LULU GARCIA-NAVARRO, HOST:
And now let's go to Cuba and NPR's Carrie Kahn. She's in Havana. Hi, Carrie.
CARRIE KAHN, BYLINE: Hi.
GARCIA-NAVARRO: So tough new sanctions to try and induce Havana to withdraw its support of Maduro. What are those sanctions? And what kind of effect are you seeing there?
KAHN: Top of the list of the sanctions is that Americans can now sue foreign companies in Cuba that they say are profiting or using their properties that were seized during the Cuban revolution. And we've already seen a couple lawsuits being filed in Miami about that. What the Trump administration is hoping is that will scare away foreign investment from Cuba.
And they've also targeted the amount of money that people from abroad - family members - can send to Cubans in Cuba. They've limited that to $1,000 every three months. That's a drastic cut in the remittances - the money family members send back to Cubans.
And they've also cut visas, too. It used to be you could get a five-year visa to go in and out of the United States. Now they've limited that to three months.
GARCIA-NAVARRO: Cuba and Venezuela are very closely linked economically, in addition to ideologically and politically. So is the deterioration in Venezuela of the economy affecting Cuba?
KAHN: I think what to look at closely is oil, and oil here on the island. Cuba has - is not able to meet its own energy demands by itself and has become very dependent for the last 20 years on Venezuela's cheap oil that they're sending to Cuba. What they've done is made an exchange where Cuba gets the oil that it needs, and then Cuba sends doctors and professionals to Venezuela. And that has been severely hurt by the economic crisis in Venezuela right now. And you see that in there's gas rationing right now, and the Cuban government trying to get as much as they can in dollars and foreign currency.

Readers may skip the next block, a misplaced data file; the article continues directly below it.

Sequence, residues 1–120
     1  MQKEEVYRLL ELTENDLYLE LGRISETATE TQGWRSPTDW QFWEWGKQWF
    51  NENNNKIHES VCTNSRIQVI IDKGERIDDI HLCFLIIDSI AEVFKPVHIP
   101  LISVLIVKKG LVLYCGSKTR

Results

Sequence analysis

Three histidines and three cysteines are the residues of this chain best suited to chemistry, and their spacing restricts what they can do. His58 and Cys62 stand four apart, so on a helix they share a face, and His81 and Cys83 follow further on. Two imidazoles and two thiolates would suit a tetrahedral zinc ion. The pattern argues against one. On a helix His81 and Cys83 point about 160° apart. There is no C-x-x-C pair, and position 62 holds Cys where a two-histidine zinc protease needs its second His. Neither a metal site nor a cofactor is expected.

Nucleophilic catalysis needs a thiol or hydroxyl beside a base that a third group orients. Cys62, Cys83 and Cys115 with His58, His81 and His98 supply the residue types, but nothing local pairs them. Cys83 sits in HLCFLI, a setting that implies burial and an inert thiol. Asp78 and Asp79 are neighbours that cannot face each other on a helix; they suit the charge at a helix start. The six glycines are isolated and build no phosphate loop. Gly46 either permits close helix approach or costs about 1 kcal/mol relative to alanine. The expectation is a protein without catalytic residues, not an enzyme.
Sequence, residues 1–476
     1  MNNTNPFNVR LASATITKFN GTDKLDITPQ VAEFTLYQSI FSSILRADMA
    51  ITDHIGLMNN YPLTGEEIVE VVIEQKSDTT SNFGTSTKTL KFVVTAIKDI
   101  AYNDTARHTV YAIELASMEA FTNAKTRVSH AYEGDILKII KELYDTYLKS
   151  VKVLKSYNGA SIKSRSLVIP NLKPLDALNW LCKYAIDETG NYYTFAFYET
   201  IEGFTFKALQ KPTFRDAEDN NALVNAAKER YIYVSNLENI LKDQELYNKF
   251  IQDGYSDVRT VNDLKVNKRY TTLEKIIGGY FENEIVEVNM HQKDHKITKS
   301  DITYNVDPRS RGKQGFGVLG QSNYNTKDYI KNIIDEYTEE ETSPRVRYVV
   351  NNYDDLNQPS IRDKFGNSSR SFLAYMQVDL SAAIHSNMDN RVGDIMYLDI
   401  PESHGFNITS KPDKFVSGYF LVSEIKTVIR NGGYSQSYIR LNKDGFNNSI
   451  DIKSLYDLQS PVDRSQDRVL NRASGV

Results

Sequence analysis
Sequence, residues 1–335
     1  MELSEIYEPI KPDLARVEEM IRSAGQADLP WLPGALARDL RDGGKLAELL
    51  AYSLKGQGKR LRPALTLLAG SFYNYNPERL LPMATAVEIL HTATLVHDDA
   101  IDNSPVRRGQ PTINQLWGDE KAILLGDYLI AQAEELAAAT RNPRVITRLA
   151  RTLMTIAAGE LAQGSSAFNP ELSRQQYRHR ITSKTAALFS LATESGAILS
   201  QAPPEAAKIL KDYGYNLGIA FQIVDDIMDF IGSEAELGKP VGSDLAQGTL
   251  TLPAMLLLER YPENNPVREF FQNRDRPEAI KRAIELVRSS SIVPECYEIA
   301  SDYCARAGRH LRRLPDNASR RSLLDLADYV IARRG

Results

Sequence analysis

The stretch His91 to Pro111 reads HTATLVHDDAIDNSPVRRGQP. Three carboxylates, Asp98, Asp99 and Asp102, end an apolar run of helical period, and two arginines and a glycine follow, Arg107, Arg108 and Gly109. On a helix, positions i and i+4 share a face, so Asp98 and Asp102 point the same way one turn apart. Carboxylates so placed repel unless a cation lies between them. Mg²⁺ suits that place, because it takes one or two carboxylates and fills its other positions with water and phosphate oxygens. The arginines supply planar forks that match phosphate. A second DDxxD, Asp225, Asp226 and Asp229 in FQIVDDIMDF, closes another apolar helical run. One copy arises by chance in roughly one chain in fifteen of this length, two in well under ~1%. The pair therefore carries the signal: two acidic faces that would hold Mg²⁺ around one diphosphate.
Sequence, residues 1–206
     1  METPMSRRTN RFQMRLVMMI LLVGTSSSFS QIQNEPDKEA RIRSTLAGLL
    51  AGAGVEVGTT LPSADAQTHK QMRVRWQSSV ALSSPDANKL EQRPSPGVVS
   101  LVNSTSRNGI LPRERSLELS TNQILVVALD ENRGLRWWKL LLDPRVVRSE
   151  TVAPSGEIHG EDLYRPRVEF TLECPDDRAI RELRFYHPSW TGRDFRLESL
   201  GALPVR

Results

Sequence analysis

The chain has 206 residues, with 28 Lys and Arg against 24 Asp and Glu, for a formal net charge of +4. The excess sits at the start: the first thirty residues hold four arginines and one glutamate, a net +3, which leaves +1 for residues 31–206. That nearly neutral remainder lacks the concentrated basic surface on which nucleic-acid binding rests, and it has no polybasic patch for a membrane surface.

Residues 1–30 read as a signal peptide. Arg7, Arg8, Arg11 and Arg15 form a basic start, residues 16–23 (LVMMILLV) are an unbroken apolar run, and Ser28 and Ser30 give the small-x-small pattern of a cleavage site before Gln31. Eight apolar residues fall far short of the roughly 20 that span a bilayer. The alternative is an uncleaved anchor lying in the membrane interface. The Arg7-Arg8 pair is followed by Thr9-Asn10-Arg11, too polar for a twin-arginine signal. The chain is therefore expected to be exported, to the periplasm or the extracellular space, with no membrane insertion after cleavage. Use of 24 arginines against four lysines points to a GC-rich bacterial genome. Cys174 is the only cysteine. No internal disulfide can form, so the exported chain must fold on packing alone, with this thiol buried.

One thing that they've done - you know those classic U.S., American cars that are still here on the island? Well, those taxi drivers are feeling the pinch of the gas shortages and the oil situation right now. They have to pay very high licenses. This is new only in the last couple months. And they have gas rationing cards that they can only buy a certain amount of gasoline every month.
GARCIA-NAVARRO: And Raul Castro has actually come out and warned that hard, austere times are coming. Are Cubans concerned about what they might be facing?
KAHN: Definitely. And you hear that a lot.
He did. That was a - quite an interesting public declaration for Raul to come out and say that. And he said it's not going to be as bad as after the collapse of the Soviet Union - what they called the Special Period, where Cuba saw a lot of food shortages and a lot of blackouts and energy problems at the time. But he is warning that more austere times are coming.
And you hear that from people because there are huge lines right now. People are waiting hours in lines to get basic foodstuff. There are shortages of chicken, shortages of cooking oil. People are just very worried about their future right now.
GARCIA-NAVARRO: That's NPR's Carrie Kahn in Havana. Thank you so much, Carrie.
KAHN: You're welcome.
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